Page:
Secondary Care

NHS digitalisation and the future role of NHS Digital; an interview with Sarah Wilkinson

HTN today attended a session, as part of the HETT Show, hosted by Charles Alessi, Chief Clinical Officer at HIMSS International who spoke with Sarah Wilkinson, CEO at NHS Digital.

The session discussed the current state of NHS digitalisation and the future role of NHS Digital in supporting new and evolving priorities and services.

Charles opened the questioning: “It’s clear the pandemic has changed quite a lot; how has it altered the plan (Long Term Plan) for digital transformation?”

Sarah: “I think it will change the plan, my personal opinion is that the ambition for digital transformation has been somewhat underwhelming, in the years running up to the pandemic, and that is not to denigrate the work that has been done in that period.

“Nationally within NHS Digital we have delivered an awful lot over that time, and in the Trusts as well. But I still think that, turning it around, the ambition has been less than it could have been and I don’t think the Long Term Plan offered a very exciting vision of a digital future.

“With Covid we have delivered so much, so quickly and so successfully; that we now know what is possible. In some ways that is the most exciting thing that comes out of this period, is that I think we can be confident, I think there has been too much timidity in recent years and a tendency of the system to look back at some of the problematic programmes that have happened in the past.

“I think what we need to do now is to look at the opportunities ahead. We have learnt that we can implement these big complex national systems, if you look at what we have done at NHS Digital; we built a testing infrastructure for Covid, deployed the shielded patient list, risk stratifications systems, 111 first, national data systems and services, deployed Teams to 1.3 million people; the point is these programmes were delivered in weeks and not months.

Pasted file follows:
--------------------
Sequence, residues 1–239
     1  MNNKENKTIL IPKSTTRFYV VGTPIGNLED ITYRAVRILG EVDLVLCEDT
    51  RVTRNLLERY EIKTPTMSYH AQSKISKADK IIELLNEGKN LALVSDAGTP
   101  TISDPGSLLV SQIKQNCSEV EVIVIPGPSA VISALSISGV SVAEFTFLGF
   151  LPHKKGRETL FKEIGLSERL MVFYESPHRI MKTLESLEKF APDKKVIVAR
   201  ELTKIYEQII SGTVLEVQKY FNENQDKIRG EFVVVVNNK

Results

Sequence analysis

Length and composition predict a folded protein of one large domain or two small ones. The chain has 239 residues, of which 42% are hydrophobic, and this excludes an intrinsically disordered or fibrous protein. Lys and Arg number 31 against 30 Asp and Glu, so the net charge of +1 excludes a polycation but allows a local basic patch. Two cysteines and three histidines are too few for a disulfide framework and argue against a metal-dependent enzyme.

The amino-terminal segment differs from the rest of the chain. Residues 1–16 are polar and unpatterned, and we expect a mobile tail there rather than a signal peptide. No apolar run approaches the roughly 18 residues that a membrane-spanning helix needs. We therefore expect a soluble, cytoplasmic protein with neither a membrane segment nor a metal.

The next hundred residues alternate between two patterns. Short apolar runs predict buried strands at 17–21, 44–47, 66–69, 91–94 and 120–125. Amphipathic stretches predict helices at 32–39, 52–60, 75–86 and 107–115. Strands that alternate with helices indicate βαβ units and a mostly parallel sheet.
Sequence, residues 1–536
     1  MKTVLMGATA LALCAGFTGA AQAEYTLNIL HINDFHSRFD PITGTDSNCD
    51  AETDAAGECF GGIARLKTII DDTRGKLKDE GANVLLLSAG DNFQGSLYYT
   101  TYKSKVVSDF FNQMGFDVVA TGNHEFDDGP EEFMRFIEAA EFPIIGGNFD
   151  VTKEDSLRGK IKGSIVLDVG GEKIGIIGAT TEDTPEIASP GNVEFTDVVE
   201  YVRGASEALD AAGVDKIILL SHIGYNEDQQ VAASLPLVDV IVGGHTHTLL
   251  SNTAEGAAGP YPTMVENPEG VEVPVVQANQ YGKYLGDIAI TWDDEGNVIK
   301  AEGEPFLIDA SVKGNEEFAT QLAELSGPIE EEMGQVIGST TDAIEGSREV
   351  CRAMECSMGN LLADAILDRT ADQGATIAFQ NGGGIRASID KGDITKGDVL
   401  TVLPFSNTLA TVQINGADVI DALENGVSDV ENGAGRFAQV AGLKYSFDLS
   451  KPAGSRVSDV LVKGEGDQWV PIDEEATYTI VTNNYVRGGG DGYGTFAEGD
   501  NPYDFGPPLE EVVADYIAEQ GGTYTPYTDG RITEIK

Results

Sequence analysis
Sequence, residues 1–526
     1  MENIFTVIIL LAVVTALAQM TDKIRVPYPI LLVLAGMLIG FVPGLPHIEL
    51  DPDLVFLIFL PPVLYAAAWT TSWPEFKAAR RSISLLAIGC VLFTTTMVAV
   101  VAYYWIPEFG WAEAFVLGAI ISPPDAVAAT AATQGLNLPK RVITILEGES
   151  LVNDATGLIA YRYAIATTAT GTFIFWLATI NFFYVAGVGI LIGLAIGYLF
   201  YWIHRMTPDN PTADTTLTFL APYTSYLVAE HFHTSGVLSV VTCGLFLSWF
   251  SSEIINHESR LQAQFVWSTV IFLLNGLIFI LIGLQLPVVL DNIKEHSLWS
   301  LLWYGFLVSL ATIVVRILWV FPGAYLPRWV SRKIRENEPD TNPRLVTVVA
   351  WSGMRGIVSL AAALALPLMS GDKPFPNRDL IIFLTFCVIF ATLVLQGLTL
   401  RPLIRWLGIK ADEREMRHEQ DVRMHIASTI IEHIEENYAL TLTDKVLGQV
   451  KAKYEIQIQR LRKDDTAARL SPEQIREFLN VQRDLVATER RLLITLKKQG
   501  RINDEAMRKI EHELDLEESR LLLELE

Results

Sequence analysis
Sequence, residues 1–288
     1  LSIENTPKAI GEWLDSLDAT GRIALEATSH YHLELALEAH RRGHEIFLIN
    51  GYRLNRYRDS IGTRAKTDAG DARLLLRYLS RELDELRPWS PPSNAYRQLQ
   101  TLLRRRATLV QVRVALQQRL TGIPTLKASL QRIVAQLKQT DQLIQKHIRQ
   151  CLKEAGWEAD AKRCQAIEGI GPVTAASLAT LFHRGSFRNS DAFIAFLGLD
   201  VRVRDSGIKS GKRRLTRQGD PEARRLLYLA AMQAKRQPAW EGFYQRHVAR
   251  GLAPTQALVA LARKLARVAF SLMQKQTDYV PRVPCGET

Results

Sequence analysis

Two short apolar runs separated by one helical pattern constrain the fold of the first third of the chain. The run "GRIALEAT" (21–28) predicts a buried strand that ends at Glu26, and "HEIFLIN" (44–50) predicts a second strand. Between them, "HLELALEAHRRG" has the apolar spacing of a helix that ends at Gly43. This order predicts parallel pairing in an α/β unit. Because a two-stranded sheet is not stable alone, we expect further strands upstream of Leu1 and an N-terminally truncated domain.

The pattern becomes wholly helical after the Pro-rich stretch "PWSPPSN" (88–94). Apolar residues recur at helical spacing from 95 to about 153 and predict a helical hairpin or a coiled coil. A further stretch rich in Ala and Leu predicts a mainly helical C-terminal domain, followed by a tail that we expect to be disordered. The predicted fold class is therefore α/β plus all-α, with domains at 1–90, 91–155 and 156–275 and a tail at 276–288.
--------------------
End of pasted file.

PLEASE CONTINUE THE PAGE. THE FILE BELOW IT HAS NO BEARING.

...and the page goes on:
“We are starting to think about what we can take forward from this period. It’s important we use this work as a springboard for digital progress in the next few years, and in particular that we focus on service transformation, not just digitising existing services. We need to completely rethink how these clinical pathways might be designed and the opportunities for using digital and data are taken properly into consideration.

“There are massive opportunities ahead, and I do think we will see a re-imagination of that Long Term strategy for the system.”

Q: How do you think NHS Digital is going to support a really robust digital public health system and to help predict and prevent any future crisis’?

“Through data, more than anything else. There’s a big broad set of answers to this question but the most compelling opportunity is through data.

“We need a really broad, rich set of data on individuals that enables us to understand their health as well as their sickness, at the same time giving us clear view on population health trends.

“We are already working on a sophisticated longitudinal view of the patient through the continuing evolution of the NHS Digital data services platform. That will provide us with the magic product for clinical research, a single event based longitudinal record for each patient that records each interaction with the health system, largely with sickness related data.

“What we need to do is bring in much broader datasets and use those for more sophisticated analytics so we get much richer insights. We are working on and planning on bringing in more data about interactions with the health and care system and we are continually looking at how we can enhance that longitudinal record view.

“Increasingly we will see a lot more self-provided data, from the patient, and increasingly integration of data that is not traditional data, social economic to education data, all of that will need to be facilitated by much more fluid movement of data within the system, which is another huge agenda item.”